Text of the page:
By Sophie Minich, CIRI president and chief executive officer
“The new CIRI office building was completed late last year – ahead of schedule and under budget. I believe we can all be proud of this project. We have demonstrated our ability to successfully build, from start to finish, a large, complex project like this without any major difficulty. Starting with raw land, we assembled the building construction team, secured the financing from a major insurance company at highly favorable rates and developed a successful leasing program. This high quality building adds another significant long-term source of income to our portfolio.” – 1977 CIRI ANNUAL REPORT BY FORMER CIRI PRESIDENT ROY HUHNDORF
In 1978, CIRI President Roy Huhndorf wrote the above words for the 1977 CIRI Annual Report. At the time, our company was only six years old, and for most of that time, CIRI headquarters had been located in the former meat locker of an old Piggly Wiggly grocery store on Spenard Road in Anchorage. (Many of you may now know the location today as Play It Again Sports.) Thanks to CIRI’s land entitlements, pursuant to the Alaska Native Claims Settlement Act, and smart investments, CIRI was growing quickly. The company needed a home that would accommodate that growth but also allow for continued financial prosperity.
We were a young company that had already seen a great deal of success, and we had an eye on the future. CIRI’s forward-thinking sensibility was embodied in the design of its new headquarters, which was heralded as the first office building in Anchorage to break out of the “box” mold. The reflective glass walls, with their beveled edges and cantilevered corners, gave the building a distinctive shape that made it stand out among the traditional rectangular structures of Anchorage’s skyline.
More than anything, though, the CIRI Building on C Street represented what we, as a company, were capable of accomplishing. Built with the help of shareholders, the CIRI Building became our company’s headquarters and provided a stable source of income as the remaining space was leased. We had not only created a home for CIRI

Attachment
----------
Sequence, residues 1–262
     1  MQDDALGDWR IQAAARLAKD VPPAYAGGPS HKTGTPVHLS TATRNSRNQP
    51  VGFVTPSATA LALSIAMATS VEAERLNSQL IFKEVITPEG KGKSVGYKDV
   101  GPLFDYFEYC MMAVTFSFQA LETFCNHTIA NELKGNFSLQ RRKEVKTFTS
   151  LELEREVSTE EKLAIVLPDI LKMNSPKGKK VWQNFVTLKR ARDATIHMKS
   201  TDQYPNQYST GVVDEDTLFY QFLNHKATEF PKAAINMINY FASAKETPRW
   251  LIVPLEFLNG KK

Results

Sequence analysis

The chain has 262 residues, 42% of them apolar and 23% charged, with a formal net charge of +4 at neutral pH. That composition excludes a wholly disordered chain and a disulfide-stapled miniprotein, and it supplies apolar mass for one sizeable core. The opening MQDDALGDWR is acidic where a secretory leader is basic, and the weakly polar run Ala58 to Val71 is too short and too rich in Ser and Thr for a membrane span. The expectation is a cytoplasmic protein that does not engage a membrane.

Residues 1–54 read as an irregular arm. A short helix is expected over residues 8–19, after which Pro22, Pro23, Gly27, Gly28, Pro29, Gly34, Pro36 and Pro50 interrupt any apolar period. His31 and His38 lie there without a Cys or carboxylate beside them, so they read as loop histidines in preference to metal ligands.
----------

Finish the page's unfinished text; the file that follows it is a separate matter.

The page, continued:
shareholders, descendants and employees, but invested in our future (see photos here).
Thirty-six years later, CIRI has grown into a corporation that is recognized as a model of business success. Once again, we have an eye on the future, as the new Fireweed Business Center enters its next phase of construction. CIRI is on schedule to relocate to its new headquarters in early 2015, and we are actively seeking lessees for the remaining space in the new building.
Like the CIRI Building before it, the Fireweed Business Center will be an innovative building that harnesses the latest technological advancements, maximizes spatial comfort and achieves cost savings through energy efficiency.
Earlier this year, a shareholder mentioned to me that her father had helped with the construction of the CIRI Building in the ’70s. Every time her family drove down C Street, her father would point to the building and say, with pride, “That’s the CIRI Building. That’s your building.”
I’m proud to say that today there are CIRI shareholders and descendants who are swinging steel and scaling the scaffolding, working hard on the completion of our new building. Those shareholders and descendants will soon be able to point to the Fireweed Business Center and tell their children and grandchildren, “That’s your building.”